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  #16  
Old 02-09-2019, 06:28 PM
lar lar is offline
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Put your capo on the first fret and see if it's easier to play. The capo takes the nut out of the equation. If it's easier, the nut is likely too high.

But whatever the result, go have a proper setup. Don't go to anyone, ask friends (this forum), etc, who they recommend in your area. A good setup makes a big difference. ~$80.

If, after the setup, you still don't like how it plays, it may be that your geometry (hand/finger size) doesn't agree with the guitars geometry (neck profile, nut width, fretboard radius,...). But since you already own another nearly identical guitar, it's probably the setup.

Are the neck profiles on your two 414s identical?
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  #17  
Old 02-09-2019, 06:30 PM
gmel555 gmel555 is offline
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As others have said your guitar might need some adjustment. You said it's a recent acquisition. Did you put new strings on or are the ones it came with? (If the latter, maybe they're the wrong gauge or material for you and/or your guitar.) It's also possible that this particular Taylor is just not a good fit for you. Neck width, profile, fretboard radius, action etc. are an individual thing. (For example, I even find certain neck finishes fatigue my hand more than others.) Hope it's an easy fix!
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  #18  
Old 02-09-2019, 06:39 PM
Glennwillow Glennwillow is offline
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Some people do better with a thicker neck. I like the old Taylor neck shape and do well with it, but we are not all the same. I have a 2002 514CE and also a 2010 12-Fret.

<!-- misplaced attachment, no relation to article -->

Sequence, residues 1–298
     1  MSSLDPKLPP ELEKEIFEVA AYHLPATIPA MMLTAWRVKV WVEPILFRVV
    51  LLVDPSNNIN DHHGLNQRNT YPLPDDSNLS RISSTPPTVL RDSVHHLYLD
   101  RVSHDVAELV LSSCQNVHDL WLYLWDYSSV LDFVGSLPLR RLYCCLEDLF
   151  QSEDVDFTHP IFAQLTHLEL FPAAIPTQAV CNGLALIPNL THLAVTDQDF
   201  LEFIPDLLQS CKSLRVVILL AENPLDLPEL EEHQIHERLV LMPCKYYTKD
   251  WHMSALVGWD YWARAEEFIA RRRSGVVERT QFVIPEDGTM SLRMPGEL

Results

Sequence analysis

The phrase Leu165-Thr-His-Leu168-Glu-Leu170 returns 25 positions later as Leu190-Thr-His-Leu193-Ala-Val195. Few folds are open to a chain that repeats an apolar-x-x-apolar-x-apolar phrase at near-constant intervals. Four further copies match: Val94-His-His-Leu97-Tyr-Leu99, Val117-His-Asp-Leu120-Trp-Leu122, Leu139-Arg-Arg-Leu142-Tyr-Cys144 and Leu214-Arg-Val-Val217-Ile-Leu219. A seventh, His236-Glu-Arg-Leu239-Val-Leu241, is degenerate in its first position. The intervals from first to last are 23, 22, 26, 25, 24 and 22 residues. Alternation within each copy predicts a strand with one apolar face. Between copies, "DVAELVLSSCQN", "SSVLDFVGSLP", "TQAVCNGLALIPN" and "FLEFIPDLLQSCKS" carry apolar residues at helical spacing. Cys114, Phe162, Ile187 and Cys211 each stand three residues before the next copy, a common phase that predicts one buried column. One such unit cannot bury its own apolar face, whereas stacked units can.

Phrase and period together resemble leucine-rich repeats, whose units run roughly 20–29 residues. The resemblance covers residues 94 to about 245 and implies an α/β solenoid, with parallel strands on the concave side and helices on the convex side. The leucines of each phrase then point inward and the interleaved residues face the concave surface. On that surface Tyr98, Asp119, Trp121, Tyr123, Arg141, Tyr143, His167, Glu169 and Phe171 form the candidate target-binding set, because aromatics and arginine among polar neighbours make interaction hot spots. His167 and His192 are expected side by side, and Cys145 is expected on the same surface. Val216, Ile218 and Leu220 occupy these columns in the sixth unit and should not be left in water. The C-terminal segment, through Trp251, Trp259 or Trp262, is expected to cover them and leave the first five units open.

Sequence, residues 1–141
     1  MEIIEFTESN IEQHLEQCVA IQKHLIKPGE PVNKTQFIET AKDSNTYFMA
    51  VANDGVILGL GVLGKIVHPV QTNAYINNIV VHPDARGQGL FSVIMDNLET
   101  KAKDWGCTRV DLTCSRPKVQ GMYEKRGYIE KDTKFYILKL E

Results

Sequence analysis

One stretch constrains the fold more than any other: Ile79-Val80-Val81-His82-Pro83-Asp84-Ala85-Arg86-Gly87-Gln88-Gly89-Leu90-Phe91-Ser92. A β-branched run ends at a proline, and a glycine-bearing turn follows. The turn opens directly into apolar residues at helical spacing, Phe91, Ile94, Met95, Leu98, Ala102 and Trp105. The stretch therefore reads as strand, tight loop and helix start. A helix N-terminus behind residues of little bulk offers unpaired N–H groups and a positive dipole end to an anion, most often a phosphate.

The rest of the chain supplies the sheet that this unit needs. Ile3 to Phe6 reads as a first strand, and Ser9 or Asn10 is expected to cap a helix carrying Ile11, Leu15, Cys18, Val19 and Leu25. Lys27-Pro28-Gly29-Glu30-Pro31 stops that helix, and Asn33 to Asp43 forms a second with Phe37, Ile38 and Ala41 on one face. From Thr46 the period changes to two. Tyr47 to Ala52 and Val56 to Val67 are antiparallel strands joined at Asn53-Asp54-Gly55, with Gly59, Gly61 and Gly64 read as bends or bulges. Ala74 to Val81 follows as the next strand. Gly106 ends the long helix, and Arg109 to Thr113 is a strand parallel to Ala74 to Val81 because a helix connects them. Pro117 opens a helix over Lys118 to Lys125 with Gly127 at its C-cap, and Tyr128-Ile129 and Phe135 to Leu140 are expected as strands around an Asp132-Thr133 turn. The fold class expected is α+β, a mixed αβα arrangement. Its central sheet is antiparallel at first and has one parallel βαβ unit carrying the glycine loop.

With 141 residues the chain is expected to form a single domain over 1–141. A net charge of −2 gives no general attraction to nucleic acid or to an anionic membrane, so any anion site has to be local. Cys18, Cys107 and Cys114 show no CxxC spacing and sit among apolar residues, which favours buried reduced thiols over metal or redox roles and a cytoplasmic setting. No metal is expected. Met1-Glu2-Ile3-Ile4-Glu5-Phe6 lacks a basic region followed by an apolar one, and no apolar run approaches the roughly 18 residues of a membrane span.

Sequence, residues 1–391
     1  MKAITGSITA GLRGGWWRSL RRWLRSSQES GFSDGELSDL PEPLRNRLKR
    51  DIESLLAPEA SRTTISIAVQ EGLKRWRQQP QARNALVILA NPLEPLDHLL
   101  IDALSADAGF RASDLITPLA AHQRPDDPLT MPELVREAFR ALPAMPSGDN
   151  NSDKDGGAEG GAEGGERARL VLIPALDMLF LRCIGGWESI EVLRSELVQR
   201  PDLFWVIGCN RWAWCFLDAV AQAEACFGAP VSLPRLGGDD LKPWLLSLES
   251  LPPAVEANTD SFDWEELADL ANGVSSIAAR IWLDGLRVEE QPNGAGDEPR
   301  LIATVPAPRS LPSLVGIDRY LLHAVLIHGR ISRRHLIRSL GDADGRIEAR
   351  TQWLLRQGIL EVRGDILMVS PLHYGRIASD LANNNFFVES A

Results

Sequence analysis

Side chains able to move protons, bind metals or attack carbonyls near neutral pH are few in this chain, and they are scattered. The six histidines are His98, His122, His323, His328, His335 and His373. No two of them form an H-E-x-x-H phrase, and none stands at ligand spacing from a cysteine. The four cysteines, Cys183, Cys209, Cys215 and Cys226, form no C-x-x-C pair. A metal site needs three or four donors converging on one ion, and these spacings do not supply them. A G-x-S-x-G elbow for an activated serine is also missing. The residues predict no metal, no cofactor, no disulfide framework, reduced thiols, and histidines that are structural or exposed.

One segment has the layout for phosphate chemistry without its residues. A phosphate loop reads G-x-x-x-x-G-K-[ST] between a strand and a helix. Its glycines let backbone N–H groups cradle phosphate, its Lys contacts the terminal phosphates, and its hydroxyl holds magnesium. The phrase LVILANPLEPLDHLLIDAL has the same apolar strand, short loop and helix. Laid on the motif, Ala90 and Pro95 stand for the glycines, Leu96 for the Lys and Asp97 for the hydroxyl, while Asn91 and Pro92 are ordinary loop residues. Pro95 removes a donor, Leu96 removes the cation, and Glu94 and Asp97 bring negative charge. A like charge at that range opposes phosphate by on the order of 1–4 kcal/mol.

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  #19  
Old 02-09-2019, 06:51 PM
big jilm big jilm is offline
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I had a 414ce, and always had problems with that neck. My hands (which aren’t big) much prefer fatter necks - my Gibson is much more comfortable for me, including barring at the first fret (and everywhere else).
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  #20  
Old 02-10-2019, 05:23 AM
C_Becker C_Becker is offline
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Check the nut height, most manufacturers err on the side of caution here.
Press a string down at the third fret, distance from the string to the first fret should now be absolutely minimal. If not, your nut is too high, which causes not only the notes in the first fret(s) to be sharp, but it also makes barre chords harder than necessary in the lower frets.
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  #21  
Old 02-10-2019, 05:54 AM
Malcolm Kindnes Malcolm Kindnes is offline
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Although I play a lot of fingerstyle, I have great difficulty playing barre chords cleanly. It seems to me that the Taylor neck is, for me, too "thin". It seems like the profile prohibits me from getting enough pressure with my thumb/forefinger to form the bar.

Anyone else experience this issue?

Thanks - David[/QUOTE]